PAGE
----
At the University of Pennsylvania, Dr. Nicola Mason, an Assistant Professor of Medicine in collaboration with Advaxis Inc. is currently evaluating the first vaccine for canine osteosarcoma. This approach harnesses the power of the dog’s immune system, “training” it to seek out and destroy cancer cells that remain after amputation and chemotherapy. In a phase I clinical trial, dogs are being recruited to determine the safety and efficacy of a genetically modified Listeria vaccine to prolong survival.
Just like many other students this January, Sasha is returning to Penn! Still as happy as ever, this 12 and a half year old American bulldog runs, jumps, swims and catches frisbees – all on three legs! Sasha was diagnosed with osteosarcoma, a highly aggressive bone cancer in March of 2012. The prognosis for this disease is guarded at best and dogs that undergo amputation followed by chemotherapy, the standard of care for this disease, have a median survival of only 1 year. Most dogs die as a result of cancer metastases (spread) to their lungs or other bones.
Sasha was the first of six dogs that have received the experimental vaccine so far. All dogs tolerated the vaccine well with no significant short or long-term side effects. To date one dog that received a low dose of the vaccine has developed lung metastases. All other dogs, including Sasha, remain free of cancer at this time.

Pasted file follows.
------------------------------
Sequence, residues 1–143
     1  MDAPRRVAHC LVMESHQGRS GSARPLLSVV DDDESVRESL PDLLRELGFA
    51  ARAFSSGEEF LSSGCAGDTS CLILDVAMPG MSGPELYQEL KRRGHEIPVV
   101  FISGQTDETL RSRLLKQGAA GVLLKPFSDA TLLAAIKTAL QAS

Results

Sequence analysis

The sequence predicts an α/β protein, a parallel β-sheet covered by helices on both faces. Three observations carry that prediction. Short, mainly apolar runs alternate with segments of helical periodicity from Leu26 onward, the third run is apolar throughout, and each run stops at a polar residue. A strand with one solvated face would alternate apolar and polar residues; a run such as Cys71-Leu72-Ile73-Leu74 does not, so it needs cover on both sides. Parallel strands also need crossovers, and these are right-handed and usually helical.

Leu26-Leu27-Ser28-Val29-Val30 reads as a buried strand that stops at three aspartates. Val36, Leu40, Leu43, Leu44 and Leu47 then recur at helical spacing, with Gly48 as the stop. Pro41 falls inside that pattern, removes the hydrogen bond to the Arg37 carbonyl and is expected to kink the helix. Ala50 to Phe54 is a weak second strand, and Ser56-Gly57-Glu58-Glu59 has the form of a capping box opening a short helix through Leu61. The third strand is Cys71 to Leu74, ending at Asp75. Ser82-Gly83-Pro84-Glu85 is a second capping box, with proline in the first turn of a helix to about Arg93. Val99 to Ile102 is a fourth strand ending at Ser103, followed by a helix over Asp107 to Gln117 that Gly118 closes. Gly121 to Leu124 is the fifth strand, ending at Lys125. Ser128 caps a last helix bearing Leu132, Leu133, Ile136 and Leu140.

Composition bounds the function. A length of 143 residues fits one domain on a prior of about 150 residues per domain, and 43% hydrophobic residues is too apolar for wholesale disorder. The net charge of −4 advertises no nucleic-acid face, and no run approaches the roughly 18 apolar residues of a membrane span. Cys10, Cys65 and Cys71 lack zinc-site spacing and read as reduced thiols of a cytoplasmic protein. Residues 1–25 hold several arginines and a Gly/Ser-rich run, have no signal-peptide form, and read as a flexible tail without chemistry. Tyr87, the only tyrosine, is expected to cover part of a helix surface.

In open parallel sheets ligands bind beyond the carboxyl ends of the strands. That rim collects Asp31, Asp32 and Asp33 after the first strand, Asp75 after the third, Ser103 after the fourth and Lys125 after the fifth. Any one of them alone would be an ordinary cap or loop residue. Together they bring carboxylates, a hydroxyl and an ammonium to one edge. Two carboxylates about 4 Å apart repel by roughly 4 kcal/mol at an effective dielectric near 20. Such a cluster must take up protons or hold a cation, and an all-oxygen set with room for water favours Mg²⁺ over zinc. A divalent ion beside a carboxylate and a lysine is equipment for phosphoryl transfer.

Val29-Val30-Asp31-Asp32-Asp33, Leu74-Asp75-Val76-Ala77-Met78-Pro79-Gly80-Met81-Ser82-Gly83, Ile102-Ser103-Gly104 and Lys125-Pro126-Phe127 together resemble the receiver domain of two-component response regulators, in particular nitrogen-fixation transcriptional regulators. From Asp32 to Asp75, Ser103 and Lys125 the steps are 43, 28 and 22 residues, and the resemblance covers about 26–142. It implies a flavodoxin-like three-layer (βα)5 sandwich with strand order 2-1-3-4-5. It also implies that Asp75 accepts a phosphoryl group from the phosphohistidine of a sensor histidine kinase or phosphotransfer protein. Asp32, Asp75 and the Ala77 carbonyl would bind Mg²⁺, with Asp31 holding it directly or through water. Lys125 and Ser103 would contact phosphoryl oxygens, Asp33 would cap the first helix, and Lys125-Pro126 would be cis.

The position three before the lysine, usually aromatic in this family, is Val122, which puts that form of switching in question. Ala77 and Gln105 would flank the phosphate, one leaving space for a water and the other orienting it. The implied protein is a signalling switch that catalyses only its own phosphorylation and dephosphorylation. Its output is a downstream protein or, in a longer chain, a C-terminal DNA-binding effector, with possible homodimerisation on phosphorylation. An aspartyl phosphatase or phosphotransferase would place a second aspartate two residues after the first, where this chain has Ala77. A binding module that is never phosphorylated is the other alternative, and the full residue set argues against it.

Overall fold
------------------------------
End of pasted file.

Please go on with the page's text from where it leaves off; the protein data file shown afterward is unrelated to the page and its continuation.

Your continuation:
“Although it is too early yet to determine whether the vaccine prolongs overall survival in patients with this highly aggressive disease, we can conclude that the vaccine appears to be safe and well tolerated. This is a very important first step” Mason says. “Given the safety of the vaccine at the current doses used, we are extending the study and continuing to enroll patients.”
This study represents a very exciting new approach to the treatment of a disease in which the abysmal prognosis has remained unchanged for several decades. Mason expects that within the next year they will have preliminary data that will determine the merit of this approach for delaying or preventing metastatic disease. If they confirm safety and demonstrate efficacy in this group of dogs Mason plans to extend the studies into a phase II clinical trial in a larger group of dogs that should begin in the Fall of 2013.
More information regarding the study can be found at: